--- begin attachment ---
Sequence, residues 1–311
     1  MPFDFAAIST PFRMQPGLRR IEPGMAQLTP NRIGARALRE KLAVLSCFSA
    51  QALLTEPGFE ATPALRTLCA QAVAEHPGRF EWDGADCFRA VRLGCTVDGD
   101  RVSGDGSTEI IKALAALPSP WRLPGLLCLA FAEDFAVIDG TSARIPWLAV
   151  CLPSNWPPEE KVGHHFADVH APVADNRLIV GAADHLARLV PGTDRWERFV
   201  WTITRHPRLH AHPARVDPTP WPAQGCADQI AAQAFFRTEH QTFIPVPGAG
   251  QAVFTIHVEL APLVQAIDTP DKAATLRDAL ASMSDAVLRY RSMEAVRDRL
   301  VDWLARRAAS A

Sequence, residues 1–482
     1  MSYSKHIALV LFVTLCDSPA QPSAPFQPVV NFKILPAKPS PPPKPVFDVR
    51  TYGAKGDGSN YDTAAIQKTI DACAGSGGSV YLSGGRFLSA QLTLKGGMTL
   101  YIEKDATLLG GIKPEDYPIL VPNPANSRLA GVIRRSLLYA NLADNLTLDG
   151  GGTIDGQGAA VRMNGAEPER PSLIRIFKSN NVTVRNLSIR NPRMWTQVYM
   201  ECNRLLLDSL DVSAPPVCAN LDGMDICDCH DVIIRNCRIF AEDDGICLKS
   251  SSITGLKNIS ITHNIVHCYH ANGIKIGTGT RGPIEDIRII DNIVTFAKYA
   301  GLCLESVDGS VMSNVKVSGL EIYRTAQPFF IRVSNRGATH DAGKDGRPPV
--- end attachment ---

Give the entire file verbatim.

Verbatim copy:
Sequence, residues 1–311
     1  MPFDFAAIST PFRMQPGLRR IEPGMAQLTP NRIGARALRE KLAVLSCFSA
    51  QALLTEPGFE ATPALRTLCA QAVAEHPGRF EWDGADCFRA VRLGCTVDGD
   101  RVSGDGSTEI IKALAALPSP WRLPGLLCLA FAEDFAVIDG TSARIPWLAV
   151  CLPSNWPPEE KVGHHFADVH APVADNRLIV GAADHLARLV PGTDRWERFV
   201  WTITRHPRLH AHPARVDPTP WPAQGCADQI AAQAFFRTEH QTFIPVPGAG
   251  QAVFTIHVEL APLVQAIDTP DKAATLRDAL ASMSDAVLRY RSMEAVRDRL
   301  VDWLARRAAS A

Sequence, residues 1–482
     1  MSYSKHIALV LFVTLCDSPA QPSAPFQPVV NFKILPAKPS PPPKPVFDVR
    51  TYGAKGDGSN YDTAAIQKTI DACAGSGGSV YLSGGRFLSA QLTLKGGMTL
   101  YIEKDATLLG GIKPEDYPIL VPNPANSRLA GVIRRSLLYA NLADNLTLDG
   151  GGTIDGQGAA VRMNGAEPER PSLIRIFKSN NVTVRNLSIR NPRMWTQVYM
   201  ECNRLLLDSL DVSAPPVCAN LDGMDICDCH DVIIRNCRIF AEDDGICLKS
   251  SSITGLKNIS ITHNIVHCYH ANGIKIGTGT RGPIEDIRII DNIVTFAKYA
   301  GLCLESVDGS VMSNVKVSGL EIYRTAQPFF IRVSNRGATH DAGKDGRPPV